Transcript for Challenge at Glen Canyon, segment 08 of 11
As the work proceeded on the air slot, Lake Powell began its annual spring rise, upward toward the top of the spillway gates. With forecasts of snowmelt runoff also rising, it began to look like nineteen eighty-four would be another record high water year. The question was, if needed, would at least one of the Glen Canyon spillways be ready in time?
To slow the rise of the lake, the outlet tubes were opened on May fourth.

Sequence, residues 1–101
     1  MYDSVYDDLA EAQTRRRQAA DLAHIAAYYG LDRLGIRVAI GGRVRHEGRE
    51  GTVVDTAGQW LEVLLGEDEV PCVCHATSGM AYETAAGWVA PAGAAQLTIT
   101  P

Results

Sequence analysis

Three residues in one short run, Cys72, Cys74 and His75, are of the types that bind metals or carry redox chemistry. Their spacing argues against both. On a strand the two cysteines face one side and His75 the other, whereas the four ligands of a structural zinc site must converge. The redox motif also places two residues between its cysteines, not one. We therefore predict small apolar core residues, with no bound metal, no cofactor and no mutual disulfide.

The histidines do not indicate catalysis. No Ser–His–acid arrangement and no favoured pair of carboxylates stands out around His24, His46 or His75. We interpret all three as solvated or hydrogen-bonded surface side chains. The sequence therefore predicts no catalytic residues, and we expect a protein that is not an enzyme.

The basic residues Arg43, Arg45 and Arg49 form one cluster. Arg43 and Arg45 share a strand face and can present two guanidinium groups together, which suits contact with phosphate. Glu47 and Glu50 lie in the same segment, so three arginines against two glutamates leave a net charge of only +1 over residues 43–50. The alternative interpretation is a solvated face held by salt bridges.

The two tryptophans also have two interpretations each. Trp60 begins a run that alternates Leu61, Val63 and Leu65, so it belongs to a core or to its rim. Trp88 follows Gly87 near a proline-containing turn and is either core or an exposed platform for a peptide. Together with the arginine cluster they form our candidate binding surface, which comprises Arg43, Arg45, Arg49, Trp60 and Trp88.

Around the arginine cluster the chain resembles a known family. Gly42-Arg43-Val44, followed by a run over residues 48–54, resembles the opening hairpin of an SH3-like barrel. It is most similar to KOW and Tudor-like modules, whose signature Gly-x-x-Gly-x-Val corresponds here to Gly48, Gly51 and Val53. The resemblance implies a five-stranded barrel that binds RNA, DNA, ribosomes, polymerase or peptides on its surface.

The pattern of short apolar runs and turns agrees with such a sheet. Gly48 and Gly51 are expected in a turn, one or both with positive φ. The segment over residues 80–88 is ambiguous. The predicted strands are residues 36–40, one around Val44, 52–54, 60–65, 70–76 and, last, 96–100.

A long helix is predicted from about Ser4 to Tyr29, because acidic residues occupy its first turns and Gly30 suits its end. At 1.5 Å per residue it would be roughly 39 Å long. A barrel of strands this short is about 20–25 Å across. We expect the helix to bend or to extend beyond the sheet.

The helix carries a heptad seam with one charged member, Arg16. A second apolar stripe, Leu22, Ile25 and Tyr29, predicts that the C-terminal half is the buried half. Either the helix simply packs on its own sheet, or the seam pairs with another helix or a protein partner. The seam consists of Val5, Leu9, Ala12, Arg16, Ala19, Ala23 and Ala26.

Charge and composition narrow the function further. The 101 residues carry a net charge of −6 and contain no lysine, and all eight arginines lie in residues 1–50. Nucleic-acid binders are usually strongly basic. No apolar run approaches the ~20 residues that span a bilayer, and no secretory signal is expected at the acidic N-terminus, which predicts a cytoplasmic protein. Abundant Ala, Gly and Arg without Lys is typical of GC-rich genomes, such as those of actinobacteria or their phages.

At one time, the inflow into Lake Powell reached one hundred forty-eight thousand cubic feet per second, but the lake slowed its rise and finally stopped two and a half feet from the flashboards. The lake was not to spill in nineteen eighty-four, in spite of the fact that the runoff during nineteen eighty-four was the highest ever recorded on the Colorado River, higher even than nineteen eighty-three. In late spring the work platform was withdrawn, and the completed air slot could be seen against the full dimension of the spillway. The small air slot was deceiving, for the engineering design and construction of the air slots were difficult achievements. The completed spillway was inspected to make sure that all surface imperfections were repaired.